Sunday, December 11, 2011

V2.34 - Some Tools Defined

We’ve talked about some of these machines, so just in time for the holidays, here are some definitions for those who might be thinking about buying someone a tool for Christmas.

DRILL PRESS: A tall upright machine useful for suddenly snatching flat metal bar stock out of your hands so that it smacks you in the chest and flings your coke across the room, denting the freshly-painted project which you had carefully set in the corner where nothing could get to it.
BAND SAW: A large stationary power saw primarily used by most shops to cut good aluminum sheet into smaller pieces that more easily fit into the trash can after you cut on the inside of the line instead of the outside edge.
WIRE WHEEL: Cleans paint off bolts and then throws them somewhere under the workbench at the speed of light. Also removes fingerprints and hard-earned calluses from fingers in about the time it takes you to say, 'Oh, dang!'
TABLE SAW: A large stationary power tool commonly used to launch wood projectiles for testing wall integrity.
HAMMER: Originally employed as a weapon of war, the hammer nowadays is used as a kind of divining rod to locate the most expensive parts adjacent the object we are trying to hit. It is especially valuable at being able to find the EXACT location of the thumb or index finger of the other hand.
TWO-TON ENGINE HOIST: A tool for testing the maximum tensile strength of everything you forgot to disconnect.
SKIL SAW: A portable cutting tool used to make studs too short.
PLIERS: Used to round off bolt heads. Sometimes used in the creation of blood-blisters.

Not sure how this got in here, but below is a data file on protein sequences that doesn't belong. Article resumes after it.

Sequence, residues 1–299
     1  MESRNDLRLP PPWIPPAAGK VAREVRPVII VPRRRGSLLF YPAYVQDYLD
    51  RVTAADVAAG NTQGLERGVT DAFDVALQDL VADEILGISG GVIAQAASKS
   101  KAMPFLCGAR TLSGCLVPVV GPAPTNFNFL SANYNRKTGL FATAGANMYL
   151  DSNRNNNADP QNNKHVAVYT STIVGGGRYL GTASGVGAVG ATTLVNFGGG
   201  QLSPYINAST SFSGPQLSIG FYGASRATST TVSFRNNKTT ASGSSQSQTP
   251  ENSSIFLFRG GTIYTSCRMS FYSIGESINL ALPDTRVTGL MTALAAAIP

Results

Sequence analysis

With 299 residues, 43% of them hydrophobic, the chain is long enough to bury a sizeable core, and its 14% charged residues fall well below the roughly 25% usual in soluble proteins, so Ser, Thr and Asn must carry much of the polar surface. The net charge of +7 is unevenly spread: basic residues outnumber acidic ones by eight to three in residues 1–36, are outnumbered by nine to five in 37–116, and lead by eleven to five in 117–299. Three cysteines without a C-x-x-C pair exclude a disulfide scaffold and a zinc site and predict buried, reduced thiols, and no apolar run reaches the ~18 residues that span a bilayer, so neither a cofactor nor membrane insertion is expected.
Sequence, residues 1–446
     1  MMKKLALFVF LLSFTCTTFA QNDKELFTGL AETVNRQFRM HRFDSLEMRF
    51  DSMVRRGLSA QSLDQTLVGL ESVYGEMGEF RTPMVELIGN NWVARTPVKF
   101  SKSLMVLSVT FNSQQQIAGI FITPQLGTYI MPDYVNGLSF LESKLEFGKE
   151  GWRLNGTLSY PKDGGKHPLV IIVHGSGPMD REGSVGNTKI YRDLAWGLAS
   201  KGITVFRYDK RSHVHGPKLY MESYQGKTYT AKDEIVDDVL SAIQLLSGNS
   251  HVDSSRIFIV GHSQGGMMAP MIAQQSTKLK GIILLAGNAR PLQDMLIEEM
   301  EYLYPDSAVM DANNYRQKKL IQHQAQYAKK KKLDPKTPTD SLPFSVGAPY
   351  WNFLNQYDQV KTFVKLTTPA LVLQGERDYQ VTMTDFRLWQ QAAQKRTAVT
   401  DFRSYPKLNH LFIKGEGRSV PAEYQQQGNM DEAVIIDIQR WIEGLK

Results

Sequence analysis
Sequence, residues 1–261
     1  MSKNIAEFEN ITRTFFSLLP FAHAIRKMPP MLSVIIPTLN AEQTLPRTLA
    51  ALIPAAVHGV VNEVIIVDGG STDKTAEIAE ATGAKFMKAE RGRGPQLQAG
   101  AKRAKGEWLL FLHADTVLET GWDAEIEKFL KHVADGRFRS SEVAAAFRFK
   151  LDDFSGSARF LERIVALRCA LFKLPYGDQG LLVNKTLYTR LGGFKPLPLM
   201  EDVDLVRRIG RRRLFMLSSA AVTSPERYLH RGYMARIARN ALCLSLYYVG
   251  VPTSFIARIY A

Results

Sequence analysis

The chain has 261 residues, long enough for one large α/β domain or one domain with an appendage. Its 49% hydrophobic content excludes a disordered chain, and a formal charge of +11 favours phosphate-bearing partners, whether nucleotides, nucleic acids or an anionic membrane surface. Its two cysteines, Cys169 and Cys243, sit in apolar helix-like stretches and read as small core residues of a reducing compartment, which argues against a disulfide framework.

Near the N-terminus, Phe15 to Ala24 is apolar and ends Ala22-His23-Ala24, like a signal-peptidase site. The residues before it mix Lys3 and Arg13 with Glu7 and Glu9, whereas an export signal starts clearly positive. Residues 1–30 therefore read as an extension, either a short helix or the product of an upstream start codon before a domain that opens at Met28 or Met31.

PHILLIPS SCREWDRIVER: Normally used to stab the vacuum seals under lids or for opening old-style paper-and-tin oil cans and splashing oil on your shirt; but can also be used, as the name implies, to strip out Phillips screw heads.
STRAIGHT SCREWDRIVER: A tool for opening paint cans. Sometimes used to convert common slotted screws into non-removable screws and butchering your palms.
HYDRAULIC FLOOR JACK: Used for lowering an automobile to the ground after you have installed your new brake shoes , trapping the jack handle firmly under the bumper.

Yes, these tool definitions are a bit ‘tongue-in-cheek’, but the underlying theme heads right back to: Be SAFE, not sorry.

Send your questions or comments to: and we’ll see what we can do to help you.

Saturday, December 10, 2011

V2.33 - Rusty tools? What to do.

We got a good question from Donald in Arlington, TN for this week (my, does our paper get around or what?). Donald says: “I don’t use my woodworking machines a lot, but when I do try to use them, they have a coat of rust on the tables. How do I stop that?” Hint: the more you use your tools, the less rust will be able to grow on them.

While I am tempted to just answer Donald’s question, I think you all might be better served by knowing what to do when you find the rust, then we can learn how to prevent it. First off is to clean the rust from the surface. How to do that really depends on how severe the rust is. For this column we’ll just deal with light surface rust. You can use fine or medium size steel wool, or a palm sander with 220 or 400 grit paper, or even wet or dry sandpaper and sand the rust off. My favorite method is to use a sanding block with 220 grit ‘wet or dry’ sandpaper and sprinkle a bit of nail polish remover (acetone) on the table and use that as the paper’s lubricant. Sand the whole table and then wipe the surface thoroughly with clean rags soaked in acetone. Once the surface is clean, dry the area very good…because now comes the ‘How do I stop that?’ part.